Friday, March 25, 2011

He who distinguishes the true savor of his food can never be a glutton; he who does not cannot be otherwise. ~Henry David Thoreau

Wow, where does the time go? It’s already been a week and a half since the last posting.
As promised, I will devote an entire posting (although, more would be required to adequately cover this subject) to food. And, there's a lot of it here. With a country comprised almost entirely of expats, there's bound to be a variety. There’s an amazing selection of restaurants, although our favorite is Marroush. And while it’s convenient at a half block away, it’s also incredibly good. The shawarma is ready everyday at 6:30. We eat there maybe once a week. And for those who have expressed concern that Sam isn’t eating. No worries, we’ve found a pizza restaurant, and we eat there once a week as well (to prevent nutritional shock).
The produce section at the grocery store has been an education. Even for me, whom I consider to be a well-versed cook. I purchase a Middle Eastern cookbook this past weekend, and made the baki mussaka (eggplant with spaghetti). It turned out well, and since I made a little portion for Sam with only jarred spaghetti sauce, he did manage to keep from retching. As far as home cooking is concerned, that’s where the fun begins (at least for me). There are stores ranging from the hyper markets to “convenience” stores that would fit in most people’s living rooms. On Facebook, I’ve tried to update with photos with my latest “experiments.” I’ve made kofta with rice, kheer, and the aforementioned eggplant. Which, I couldn’t get the children to eat, unless I called it “aubergines.” Everything sounds fancier in French, I suppose. Not to worry, though, I’ve stayed true to my southern roots, and have made macaroni and cheese, fried chicken, and biscuits (much to the amazement of Belatu). I somehow got the impression her previous employer did not cook. And, you won’t believe it y’all! I even found buttermilk!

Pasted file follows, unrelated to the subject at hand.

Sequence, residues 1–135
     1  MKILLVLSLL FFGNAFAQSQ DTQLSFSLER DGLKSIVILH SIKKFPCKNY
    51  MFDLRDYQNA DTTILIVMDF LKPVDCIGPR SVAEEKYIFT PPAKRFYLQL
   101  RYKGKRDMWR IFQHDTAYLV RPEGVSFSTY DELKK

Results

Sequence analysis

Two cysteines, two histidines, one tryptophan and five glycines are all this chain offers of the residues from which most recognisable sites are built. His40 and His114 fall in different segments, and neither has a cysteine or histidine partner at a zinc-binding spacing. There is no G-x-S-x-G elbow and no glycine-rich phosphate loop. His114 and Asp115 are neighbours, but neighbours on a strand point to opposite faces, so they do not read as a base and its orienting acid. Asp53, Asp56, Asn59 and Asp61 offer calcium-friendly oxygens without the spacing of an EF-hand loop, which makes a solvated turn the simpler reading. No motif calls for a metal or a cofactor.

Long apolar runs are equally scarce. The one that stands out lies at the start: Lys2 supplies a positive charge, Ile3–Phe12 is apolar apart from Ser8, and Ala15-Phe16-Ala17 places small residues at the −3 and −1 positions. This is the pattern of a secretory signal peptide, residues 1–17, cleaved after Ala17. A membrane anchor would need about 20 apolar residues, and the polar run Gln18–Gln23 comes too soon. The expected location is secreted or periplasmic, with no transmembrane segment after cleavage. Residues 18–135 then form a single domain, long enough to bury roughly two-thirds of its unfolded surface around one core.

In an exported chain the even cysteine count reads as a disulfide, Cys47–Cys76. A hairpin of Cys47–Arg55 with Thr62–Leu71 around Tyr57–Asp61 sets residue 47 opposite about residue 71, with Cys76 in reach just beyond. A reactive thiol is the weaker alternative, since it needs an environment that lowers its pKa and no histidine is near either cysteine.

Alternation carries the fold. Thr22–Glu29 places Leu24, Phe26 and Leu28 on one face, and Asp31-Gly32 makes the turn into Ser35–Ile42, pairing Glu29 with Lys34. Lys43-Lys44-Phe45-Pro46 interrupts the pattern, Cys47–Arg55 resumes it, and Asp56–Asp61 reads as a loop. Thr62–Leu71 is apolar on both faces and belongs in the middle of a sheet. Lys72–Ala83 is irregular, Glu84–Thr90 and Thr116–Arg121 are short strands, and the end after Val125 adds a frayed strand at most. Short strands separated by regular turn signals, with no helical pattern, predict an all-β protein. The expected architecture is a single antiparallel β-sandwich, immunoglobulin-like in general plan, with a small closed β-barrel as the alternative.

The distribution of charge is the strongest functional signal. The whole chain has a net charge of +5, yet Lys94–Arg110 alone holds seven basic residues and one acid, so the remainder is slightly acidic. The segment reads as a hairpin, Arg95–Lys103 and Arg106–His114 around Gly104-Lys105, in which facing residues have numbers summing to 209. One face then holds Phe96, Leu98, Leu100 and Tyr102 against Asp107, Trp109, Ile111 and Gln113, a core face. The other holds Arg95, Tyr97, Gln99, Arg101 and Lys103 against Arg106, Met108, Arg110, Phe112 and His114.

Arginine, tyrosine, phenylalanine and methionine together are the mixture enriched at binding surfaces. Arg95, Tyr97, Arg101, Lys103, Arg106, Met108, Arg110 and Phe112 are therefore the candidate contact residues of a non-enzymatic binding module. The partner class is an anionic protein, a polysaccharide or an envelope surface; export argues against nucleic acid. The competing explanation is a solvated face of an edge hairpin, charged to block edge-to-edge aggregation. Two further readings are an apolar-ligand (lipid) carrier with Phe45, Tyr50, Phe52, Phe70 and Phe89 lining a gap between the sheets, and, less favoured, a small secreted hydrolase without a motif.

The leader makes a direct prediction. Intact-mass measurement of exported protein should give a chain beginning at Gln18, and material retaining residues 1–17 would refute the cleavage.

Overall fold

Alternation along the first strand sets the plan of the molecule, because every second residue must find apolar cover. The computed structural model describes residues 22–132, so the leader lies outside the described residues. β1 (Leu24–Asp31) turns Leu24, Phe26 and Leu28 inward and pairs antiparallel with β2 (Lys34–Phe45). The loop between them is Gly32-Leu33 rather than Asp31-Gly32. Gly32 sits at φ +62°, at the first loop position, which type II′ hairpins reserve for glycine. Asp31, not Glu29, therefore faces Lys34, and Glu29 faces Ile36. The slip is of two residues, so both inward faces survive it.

But back to the produce section. I cannot begin to describe how amazing it is. I never knew there were so many types of mangoes (they are just as passionate about their mangoes as we are about apples). And, I can find vegetables I’ve only seen in exotic cookbooks (although, interestingly enough, molasses is in the “ethnic food” section). We’ve had produce from across the globe (primarily Asia and Africa), and while I’ve tried to keep it local (our favorite has still been dragon fruit) —I realize that it’s really no different than purchasing strawberries from California in December when I lived in North Carolina. But, there are amazing farmers’ markets and we’re already becoming familiar faces. The kids are great at scoring free pitas right off the line.
Since I shop at least three times a week, the quality is much fresher. We are eating vegetarian meals at least twice a week. Since few preservatives are used, as well as less salt and sugar, the flavors are much clearer in the meals. Therefore, we eat less as well.
Combined with walking more, we’re becoming healthier overall. So, come visit and let us take you on a culinary adventure!

Cooking is like love. It should be entered into with abandon or not at all. ~Harriet van Horne

Wednesday, March 16, 2011

"We shall draw from the heart of suffering itself the means of inspiration and survival." ~Winston Churchill

There are a few topics I want to cover, so I’ll give you a preview for the next few blogs:
1. Food (yes, Sam is eating)
2. Enterprise
3. Observations of a Foreigner